President Obama to discuss 'fiscal cliff' with labor leaders

WASHINGTON (AP) — President Barack Obama opens a new campaign Tuesday to build pressure on Congress to cut the federal debt the way he sees fit, meeting with labor leaders who want lawmakers to raise taxes on the wealthy and guard against slashing health benefits for seniors.

Obama was kicking off a series of meetings this week with labor officials, business executives and congressional leaders aimed at pushing Congress to avert the so-called "fiscal cliff" and find consensus on a plan to prevent more financial hardships next year. The week will include a tone-setting news conference Wednesday that will give the president the chance to frame his outlook on the year-ending lame duck session.

The president views his re-election as an affirmation of his belief that raising taxes on families earning more than $250,000 a year is what voters want. Republican House Speaker John Boehner has expressed a willingness to raise revenues but remains opposed to boosting tax rates, pointing instead to closing tax loopholes, lowering rates and fixing entitlement programs.

Both sides have voiced the potential for cooperation, but face a post-election confrontation over a series of expiring tax cuts approved during the George W. Bush presidency and tough, across-the-board spending cuts set to take place because lawmakers failed to reach a deal to reduce the federal debt.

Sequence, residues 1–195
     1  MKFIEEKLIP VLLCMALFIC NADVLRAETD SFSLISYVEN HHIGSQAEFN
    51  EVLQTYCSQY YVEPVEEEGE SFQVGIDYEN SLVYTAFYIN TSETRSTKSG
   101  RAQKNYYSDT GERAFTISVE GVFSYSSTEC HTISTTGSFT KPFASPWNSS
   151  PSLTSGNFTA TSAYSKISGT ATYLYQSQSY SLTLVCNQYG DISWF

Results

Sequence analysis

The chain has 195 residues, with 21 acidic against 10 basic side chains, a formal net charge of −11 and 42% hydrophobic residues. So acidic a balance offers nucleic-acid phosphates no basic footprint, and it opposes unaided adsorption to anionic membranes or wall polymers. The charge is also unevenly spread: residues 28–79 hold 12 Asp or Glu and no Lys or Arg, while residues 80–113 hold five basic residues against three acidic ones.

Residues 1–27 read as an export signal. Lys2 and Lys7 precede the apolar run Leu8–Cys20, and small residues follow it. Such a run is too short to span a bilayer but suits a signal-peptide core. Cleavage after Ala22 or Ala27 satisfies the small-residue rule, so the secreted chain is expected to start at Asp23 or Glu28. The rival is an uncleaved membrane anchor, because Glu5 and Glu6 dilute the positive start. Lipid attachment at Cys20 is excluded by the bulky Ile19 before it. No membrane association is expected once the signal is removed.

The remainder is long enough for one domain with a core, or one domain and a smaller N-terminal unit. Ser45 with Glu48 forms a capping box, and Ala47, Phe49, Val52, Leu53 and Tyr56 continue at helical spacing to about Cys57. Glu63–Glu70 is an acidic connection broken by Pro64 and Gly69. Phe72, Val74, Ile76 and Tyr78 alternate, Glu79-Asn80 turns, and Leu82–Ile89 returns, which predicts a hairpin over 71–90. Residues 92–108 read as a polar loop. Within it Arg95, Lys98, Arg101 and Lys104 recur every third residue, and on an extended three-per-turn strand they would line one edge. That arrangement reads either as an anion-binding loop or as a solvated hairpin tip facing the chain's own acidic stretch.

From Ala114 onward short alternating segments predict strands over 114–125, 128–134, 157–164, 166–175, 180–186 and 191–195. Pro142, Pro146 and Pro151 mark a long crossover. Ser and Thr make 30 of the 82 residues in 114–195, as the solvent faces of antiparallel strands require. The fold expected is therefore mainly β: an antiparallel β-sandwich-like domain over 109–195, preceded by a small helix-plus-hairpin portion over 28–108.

Economists have warned the combination of the expiring tax cuts and reduced spending could hinder the economic recovery.

The president hopes labor and progressive groups will marshal support for what he has called a "balanced" plan to reduce the debt while protecting spending priorities. Separately, a meeting Wednesday with business executives, many of whom supported Republican rival Mitt Romney, aims to enlist their help in persuading Republicans to support higher taxes on the wealthy.

Obama's meeting with labor leaders includes AFL-CIO President Richard Trumka; Mary Kay Henry, president of the Service Employees International Union; Lee Saunders of the American Federation of State, County and Municipal Employees; and Dennis Van Roekel, president of the National Education Association.

Several progressive organizations are also participating, including leaders of the Center for American Progress, the Center for Budget and Policy Priorities and

The unions and Democratic-leaning groups remain resistant to calls to reform Medicare and Medicaid as part of a grand bargain with Republicans and have pressed Obama to stand firm on letting the Bush tax cuts expire and raising taxes on the wealthy.

"At a time when we are working to rebuild the middle class in our country, it's time we asked everyone, including the wealthiest 2 percent, to pay their fair share," said Peter Colavito, SEIU's director of government relations.

Obama meets Wednesday with a dozen CEOs from companies such as General Electric, Walmart, Ford and Chevron. Some of the participants are involved with The Campaign to Fix the Debt, which has pushed for a long-term plan to fix the nation's debt and deficits.

The gatherings set the stage for a Friday meeting with the top four leaders of Congress before Obama departs on a trip to Asia leading up to the Thanksgiving holiday.